Towards a new European narrative
The debate on European Integration has been dominated by a technical wording during the economic and financial crisis in the last 10 years. Currently we are facing a shift in language on European “cooperation” towards a more emotional, but negative framing. A discourse on security has evoked during the so called refugee crisis, which is instrumentalized by political leaders as a practical answer to growing populism. Ulrike Guérots concept of a European Republic intends to switch the debate to a positive and progressive viewpoint on European Integration, by introducing a political utopia on a European Republic which aims to combat the democratic deficit in the European Union.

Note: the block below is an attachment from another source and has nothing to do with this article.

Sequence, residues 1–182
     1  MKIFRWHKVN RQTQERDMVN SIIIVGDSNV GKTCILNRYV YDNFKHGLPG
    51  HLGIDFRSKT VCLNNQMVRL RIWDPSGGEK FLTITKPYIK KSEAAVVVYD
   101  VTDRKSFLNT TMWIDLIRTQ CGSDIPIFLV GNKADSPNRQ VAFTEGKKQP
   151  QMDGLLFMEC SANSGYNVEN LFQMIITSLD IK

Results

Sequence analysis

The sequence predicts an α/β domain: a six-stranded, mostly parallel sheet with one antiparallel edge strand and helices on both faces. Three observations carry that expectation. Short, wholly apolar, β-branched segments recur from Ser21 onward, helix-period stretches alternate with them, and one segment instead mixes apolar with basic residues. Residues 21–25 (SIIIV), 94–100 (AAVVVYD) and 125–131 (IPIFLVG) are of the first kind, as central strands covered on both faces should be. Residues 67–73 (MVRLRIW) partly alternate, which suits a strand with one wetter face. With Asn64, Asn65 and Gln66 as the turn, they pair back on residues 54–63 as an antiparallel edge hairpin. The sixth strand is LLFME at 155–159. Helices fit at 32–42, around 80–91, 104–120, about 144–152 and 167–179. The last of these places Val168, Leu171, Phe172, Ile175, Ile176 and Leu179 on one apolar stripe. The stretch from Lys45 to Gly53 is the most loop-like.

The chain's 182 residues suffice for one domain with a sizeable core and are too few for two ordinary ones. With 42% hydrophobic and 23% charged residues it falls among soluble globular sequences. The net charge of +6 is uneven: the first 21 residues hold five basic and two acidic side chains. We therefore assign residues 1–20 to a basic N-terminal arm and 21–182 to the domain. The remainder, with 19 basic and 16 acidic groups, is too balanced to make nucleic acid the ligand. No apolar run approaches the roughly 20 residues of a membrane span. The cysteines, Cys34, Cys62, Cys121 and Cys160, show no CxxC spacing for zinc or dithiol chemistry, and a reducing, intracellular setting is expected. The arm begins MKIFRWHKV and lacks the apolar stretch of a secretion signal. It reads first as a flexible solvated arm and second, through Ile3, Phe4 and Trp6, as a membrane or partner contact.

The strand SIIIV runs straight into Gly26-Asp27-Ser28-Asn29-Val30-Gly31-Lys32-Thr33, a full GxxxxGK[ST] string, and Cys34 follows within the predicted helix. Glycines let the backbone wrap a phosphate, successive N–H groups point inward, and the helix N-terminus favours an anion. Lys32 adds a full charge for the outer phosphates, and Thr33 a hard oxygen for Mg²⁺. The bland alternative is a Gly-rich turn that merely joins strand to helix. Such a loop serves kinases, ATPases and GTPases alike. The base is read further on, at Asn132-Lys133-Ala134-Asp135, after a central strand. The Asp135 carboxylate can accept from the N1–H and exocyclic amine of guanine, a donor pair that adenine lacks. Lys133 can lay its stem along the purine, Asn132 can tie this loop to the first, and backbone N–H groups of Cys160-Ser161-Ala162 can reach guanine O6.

We are trying to capture this shift in framing by examining attitudes towards a prospective European Republic by a semantic differential, which has been developed in an interdisciplinary manner by social scientists (Danube University Krems) and linguists (University of Münster). This instrument of measurement has been developed by Osgood et. al. in 1957 with the aim to capture especially emotional connotations of an attitude object. In our contribution we tracing back these intentions of the initial founders by asking for cross cultural equivalence of emotions towards a prospective European Republic. We have developed an online questionnaire which has been translated into 18 languages and spread all over Europe’s civil society. Our results point to some comparative dimensions of evaluation of the concept of a European Republic, but also to some country-specific, historical differences. Furthermore, we discuss the advantages and disadvantages of using metaphors in a semantic differential and asking for appropriate areas of application in social sciences today.